Chris Starr, Ph.D.
Dr. Starr has extensive experience in developing and commercializing biologic and small molecule therapeutics in the orphan genetic disease space through six drug approvals and multiple commercial launches. Dr. Starr co-founded was co-founder and Chief Executive Officer of Raptor Pharmaceuticals since its inception in 2006 until 2015. As Chief Executive Officer, Dr. Starr built Raptor from a startup to a 130 person NASDAQ-listed company with one approved product and two Phase 2 programs. Raptor was acquired by Horizon Pharma in 2016 for $800 mil. Prior to starting Raptor, Dr. Starr co-founded BioMarin Pharmaceuticals Inc. in 1997 where he last served as Senior Vice President and Chief Scientific Officer until 2006 responsible for managing a Scientific Operations team of 181 research, process development, manufacturing and quality personnel through the successful development of commercial manufacturing processes for its enzyme replacement products, and supervised the cGMP design, construction and licensing of BioMarin’s proprietary biological manufacturing facility. Dr. Starr was recipient of a National Research Council Associate Award while a post-doc at the National Institutes of Health in Bethesda, MD. Dr. Starr earned a B.S. from Syracuse University and a Ph.D. in Biochemistry and Molecular Biology from the State University of New York Health Science Center.
Gregory Enns, M.D.
Dr. Enns is a Professor of Pediatrics and Director of the Biochemical Genetics Program at Stanford University. After receiving his medical degree from the University of Glasgow, he trained in Pediatrics at Children's Hospital Los Angeles, and in Clinical Genetics and Clinical Biochemical Genetics at the University of California, San Francisco.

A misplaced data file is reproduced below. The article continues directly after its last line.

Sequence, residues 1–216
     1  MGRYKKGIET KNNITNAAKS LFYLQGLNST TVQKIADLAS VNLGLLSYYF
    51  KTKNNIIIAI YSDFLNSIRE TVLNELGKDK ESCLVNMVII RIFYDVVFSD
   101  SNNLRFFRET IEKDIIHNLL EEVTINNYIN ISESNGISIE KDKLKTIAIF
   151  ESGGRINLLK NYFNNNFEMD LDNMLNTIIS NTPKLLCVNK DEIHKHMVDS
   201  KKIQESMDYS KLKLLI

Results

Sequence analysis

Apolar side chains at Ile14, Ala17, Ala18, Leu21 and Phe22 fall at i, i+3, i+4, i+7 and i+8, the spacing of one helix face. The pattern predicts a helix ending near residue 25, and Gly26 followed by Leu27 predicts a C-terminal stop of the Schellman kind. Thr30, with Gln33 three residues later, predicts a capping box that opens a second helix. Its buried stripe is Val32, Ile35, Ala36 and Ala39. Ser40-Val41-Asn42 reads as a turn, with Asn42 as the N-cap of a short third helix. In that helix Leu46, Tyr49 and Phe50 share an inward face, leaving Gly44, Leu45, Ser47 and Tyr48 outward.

He has extensive experience in the diagnosis and management of inborn errors of metabolism, including congenital disorders of glycosylation, mitochondrial disorders, and lysosomal storage disorders. Dr. Enns also performs translational research focusing on the development of a sensitive panel of redox biomarkers to study disorders of energy metabolism, and participates in clinical trials aimed at developing novel treatments for inborn errors of metabolism.
Matt Wilsey is a Silicon Valley entrepreneur, angel investor, and advisor. In addition to consumer products and services, Matt invests in and advocates in biomedical research, drug development, and genetic sequencing technologies. Before moving to the investment side, he spent many years as a front-line operator. Most recently, Matt was Co-Founder and Chief Revenue Officer of Card Spring, a payment infrastructure company that was acquired by Twitter. Previously, Matt ran West coast sales and business development for Howcast.com. Before Howcast, Matt worked for Kohlberg Kravis Roberts (KKR) on the Capital Markets team. Prior to that, Matt spent five years as a Co-Founder and Vice President of Business Development at Zazzle.com.
He started his career serving in various roles at the White House and the Department of Defense. Matt became a rare disease advocate after his daughter Grace was born with Ngly1 deficiency. The Grace Wilsey Foundation has founded 20 research teams accounting for over 50 scientists in 3 countries with the sole purpose of curing the disease. Matt holds a B.A. from Stanford University and a M.B.A. from Stanford’s Graduate School of Business.